For us, we can’t afford to lose the money. We have to be able to pay the claims. We have to be able to make the cash value available to our policy owners. So we have to invest conservatively and go slow and steady for the long haul kind of thing. The important thing for the policy owner know is that the policies are built for the long haul. They’re not built for a flash in the pan kind of growth or opportunity or a chance wherever you want to call it, to hit it big. They’re built to be there when we need to be there.

Nate: One of the things I find interesting too is so many people are used to dealing with accounts, whether that’s in an IRA or a 401(k) or a brokerage account where their account itself goes up and down based on how well the investments are doing in the account that they own. But it does work a little bit differently with their life insurance policies because it’s not like some people were concerned when early on and before the federal reserve started making some policy changes in buying bonds, they were worried about liquidity crisis. The price of bonds were going down and so forth and people were wondering, well, does that correlate to my policy like it would the value of my brokerage account?

The answer is no, but I’ve even heard from insurance companies and Dan, you can speak on this, that short term fluctuations in the prices of bond or the value of bonds that really are not a huge deal when you’re just so focused on holding bonds to maturity and holding them for the long term. And maybe we would all like for interest rates to be more normalized. But aside from that, since you’re not really in the business of trading bonds and buying and selling them consistently that it really doesn’t impact too much the value of the bonds since we’re holding them for so long, to begin with. Is that right?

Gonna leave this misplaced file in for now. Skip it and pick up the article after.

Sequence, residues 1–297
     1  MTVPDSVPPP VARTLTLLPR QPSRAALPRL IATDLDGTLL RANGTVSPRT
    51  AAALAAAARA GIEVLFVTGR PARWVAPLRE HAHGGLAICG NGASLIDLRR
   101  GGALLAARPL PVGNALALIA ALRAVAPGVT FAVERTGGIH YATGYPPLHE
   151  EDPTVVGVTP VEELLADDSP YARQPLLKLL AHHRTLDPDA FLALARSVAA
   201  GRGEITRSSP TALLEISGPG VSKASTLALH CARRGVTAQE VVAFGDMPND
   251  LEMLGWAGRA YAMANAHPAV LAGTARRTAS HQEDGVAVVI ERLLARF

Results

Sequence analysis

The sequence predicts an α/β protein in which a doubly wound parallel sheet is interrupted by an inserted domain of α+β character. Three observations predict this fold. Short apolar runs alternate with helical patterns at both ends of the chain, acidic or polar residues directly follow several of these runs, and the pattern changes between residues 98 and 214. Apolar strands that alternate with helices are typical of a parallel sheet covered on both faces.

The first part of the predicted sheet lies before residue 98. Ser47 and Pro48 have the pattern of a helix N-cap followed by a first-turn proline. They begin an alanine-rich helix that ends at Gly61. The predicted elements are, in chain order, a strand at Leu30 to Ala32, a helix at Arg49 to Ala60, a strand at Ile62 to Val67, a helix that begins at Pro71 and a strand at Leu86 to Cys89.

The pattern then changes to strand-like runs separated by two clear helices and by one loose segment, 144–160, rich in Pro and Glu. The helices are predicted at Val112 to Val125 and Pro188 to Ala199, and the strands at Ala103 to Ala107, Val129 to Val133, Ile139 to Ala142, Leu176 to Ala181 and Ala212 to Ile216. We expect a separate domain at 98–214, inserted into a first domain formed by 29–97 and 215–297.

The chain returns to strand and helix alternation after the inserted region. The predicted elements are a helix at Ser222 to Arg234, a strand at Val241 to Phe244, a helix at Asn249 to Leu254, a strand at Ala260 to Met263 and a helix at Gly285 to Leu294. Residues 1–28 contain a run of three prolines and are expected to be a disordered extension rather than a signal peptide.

Dan: That’s an excellent point, Nate, because yeah, I mean, we don’t have to mark the market, but we are going to hold the bonds for very likely to maturity. That gives us a little bit different perspective and that helps our policy owners. That gives us the stability that’s really needed to provide the protection and the growth that is going to be required over the long haul.

Do you remember when you buy a policy, a whole life policy, you’re going to pay a level premium, most typically you’re going to pay a level premium that’s going to give you protection for lifetime. And lifetime meaning right out to, let’s say, age 121. So we’re talking about building something with a long view. I mean, maybe you might shorten up the funding to, I don’t know, maybe just 10 years or maybe paid age 65 or something like that. But you’re building that policy so that ultimately the cash value grows to be equal to face amounts.